COLUMBUS The Ohio House voted today to override Gov. Bob Taft s veto of a bill that restricts the ability of cities to pass their own gun laws and lifts a requirement that drivers keep their guns in open view during traffic stops.
The 71-21 vote was well above the three-fifths majority, or 60 votes out of 99 representatives, needed for an override.
It also came hours after Taft signed the veto, and it was the first time in the Republican governor s eight years in office that a chamber of the GOP-controlled Legislature has voted to override him.
The Senate is scheduled to meet next week. Senate President Bill Harris said in a statement he was still weighing options.
In an appearance this afternoon, Taft said the legislation passed swiftly last week by the Legislature exceeds its intention of cleaning up Ohio s concealed weapons law because it pre-empts about 80 local gun laws, including erasing local assault-weapons bans in place in Cincinnati, Cleveland, Columbus, Dayton and Toledo.
Backers have defended the provision, urged by the powerful National Rifle Association, as bringing uniformity to a confusing patchwork of local gun laws. Taft disagreed.
The concealed-carry law is uniform and it will be uniform, and I m willing to work with the Legislature on improvements to the concealed-carry law, he said. We re not talking about the concealed-carry law here, we re talking about the pre-emption of all local gun laws with regard to, not carrying, but possession, purchase and sale of assault weapons. That s another matter.
The bill also lifts a requirement that drivers keep their guns in open view during traffic stops, allowing those who keep concealed handguns in holsters or purses to leave them in place as long as the approaching officer is informed. Proponents say the less guns are moved around, the safer people are.
The Ohio State Highway Patrol conceded to the change to its long-standing objection over the so-called plain-sight provision after securing stiffer penalties in the new bill for several violations of law related to guns and traffic stops.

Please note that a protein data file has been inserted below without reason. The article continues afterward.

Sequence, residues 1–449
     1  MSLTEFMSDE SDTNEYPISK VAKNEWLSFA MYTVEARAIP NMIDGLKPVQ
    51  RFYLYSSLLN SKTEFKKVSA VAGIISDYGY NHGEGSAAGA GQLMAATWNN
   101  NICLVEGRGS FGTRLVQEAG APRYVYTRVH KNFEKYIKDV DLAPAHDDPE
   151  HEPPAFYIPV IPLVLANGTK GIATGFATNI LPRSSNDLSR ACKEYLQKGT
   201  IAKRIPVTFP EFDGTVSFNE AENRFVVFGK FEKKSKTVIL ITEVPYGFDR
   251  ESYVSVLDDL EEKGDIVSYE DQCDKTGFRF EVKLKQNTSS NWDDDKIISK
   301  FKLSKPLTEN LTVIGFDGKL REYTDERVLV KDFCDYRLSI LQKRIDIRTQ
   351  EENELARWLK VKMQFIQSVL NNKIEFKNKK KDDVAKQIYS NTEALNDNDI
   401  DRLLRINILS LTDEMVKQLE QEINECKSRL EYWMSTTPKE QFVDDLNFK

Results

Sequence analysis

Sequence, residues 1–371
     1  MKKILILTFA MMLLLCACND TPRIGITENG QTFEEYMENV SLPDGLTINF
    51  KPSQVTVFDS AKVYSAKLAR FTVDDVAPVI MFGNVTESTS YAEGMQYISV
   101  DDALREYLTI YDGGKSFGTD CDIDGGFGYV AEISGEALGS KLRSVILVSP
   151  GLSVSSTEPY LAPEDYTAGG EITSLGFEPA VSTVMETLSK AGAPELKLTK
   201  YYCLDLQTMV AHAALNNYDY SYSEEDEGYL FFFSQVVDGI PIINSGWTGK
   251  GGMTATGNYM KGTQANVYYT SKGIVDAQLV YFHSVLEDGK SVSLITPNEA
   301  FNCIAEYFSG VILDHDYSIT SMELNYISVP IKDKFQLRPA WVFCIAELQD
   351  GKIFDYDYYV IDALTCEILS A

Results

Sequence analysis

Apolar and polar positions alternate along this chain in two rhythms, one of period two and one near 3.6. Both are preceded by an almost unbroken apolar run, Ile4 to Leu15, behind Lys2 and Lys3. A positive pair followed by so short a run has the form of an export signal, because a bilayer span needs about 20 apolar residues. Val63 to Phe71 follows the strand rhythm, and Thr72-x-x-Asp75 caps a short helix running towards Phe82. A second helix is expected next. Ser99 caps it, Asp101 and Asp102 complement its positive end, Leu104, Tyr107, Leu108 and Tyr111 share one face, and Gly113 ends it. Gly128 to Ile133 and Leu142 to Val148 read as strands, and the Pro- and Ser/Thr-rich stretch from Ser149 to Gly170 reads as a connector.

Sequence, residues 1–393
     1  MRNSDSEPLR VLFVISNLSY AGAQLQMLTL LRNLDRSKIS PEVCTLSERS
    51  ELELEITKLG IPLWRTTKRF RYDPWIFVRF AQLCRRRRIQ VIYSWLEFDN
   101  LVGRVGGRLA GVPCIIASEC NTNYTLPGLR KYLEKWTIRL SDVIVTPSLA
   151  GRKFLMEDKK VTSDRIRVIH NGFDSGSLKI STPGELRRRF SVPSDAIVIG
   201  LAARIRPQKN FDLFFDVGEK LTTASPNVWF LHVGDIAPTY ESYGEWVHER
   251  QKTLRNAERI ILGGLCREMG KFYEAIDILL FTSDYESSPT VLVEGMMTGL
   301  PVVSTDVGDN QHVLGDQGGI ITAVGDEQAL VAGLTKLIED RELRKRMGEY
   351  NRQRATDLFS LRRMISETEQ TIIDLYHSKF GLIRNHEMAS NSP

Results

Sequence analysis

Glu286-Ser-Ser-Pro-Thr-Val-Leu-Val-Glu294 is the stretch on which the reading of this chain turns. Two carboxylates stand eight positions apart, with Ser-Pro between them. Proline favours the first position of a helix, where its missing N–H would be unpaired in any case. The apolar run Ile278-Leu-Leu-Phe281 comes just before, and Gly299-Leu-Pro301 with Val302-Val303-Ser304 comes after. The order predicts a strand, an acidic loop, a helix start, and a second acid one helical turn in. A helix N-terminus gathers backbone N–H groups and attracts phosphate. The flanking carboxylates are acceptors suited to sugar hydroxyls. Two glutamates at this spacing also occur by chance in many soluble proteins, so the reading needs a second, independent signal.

Harris said in a statement that he believes the concealed-carry legislation Taft vetoed does a good job of protecting the safety of law enforcement officers while clarifying murky points.
This vast prohibition of local control is unwarranted and fails to consider the differing challenges and circumstances faced by different communities and regions of the state, said Taft.
The bill was supported across party lines in both legislative chambers and has largely been a dispute between urban lawmakers and their suburban and rural counterparts. The bill has more support among majority Republicans, but House Democratic Leader Joyce Beatty (D., Columbus) said her caucus will not attempt to hold Democrats in line in opposition to an override.
The Buckeye Firearms Association accused the governor of being inconsistent when defending the home-rule authority of local governments. It suggested he should also veto a bill that he generally supports that is moving through the legislature to increase public access to local records.
This is an area of home-rule where local government is absolute and cannot be infringed, unlike firearm laws, said Ken Hanson, the organization s legislative chairman. State-level public records laws are a clear infringement on home-rule authority delegated to municipalities to the extent the state dictates to municipalities how to meet, what paper to keep, and who they must give it to.
Taft, who leaves office due to term limits in January, has vetoed only two other bills during his eight years in office.
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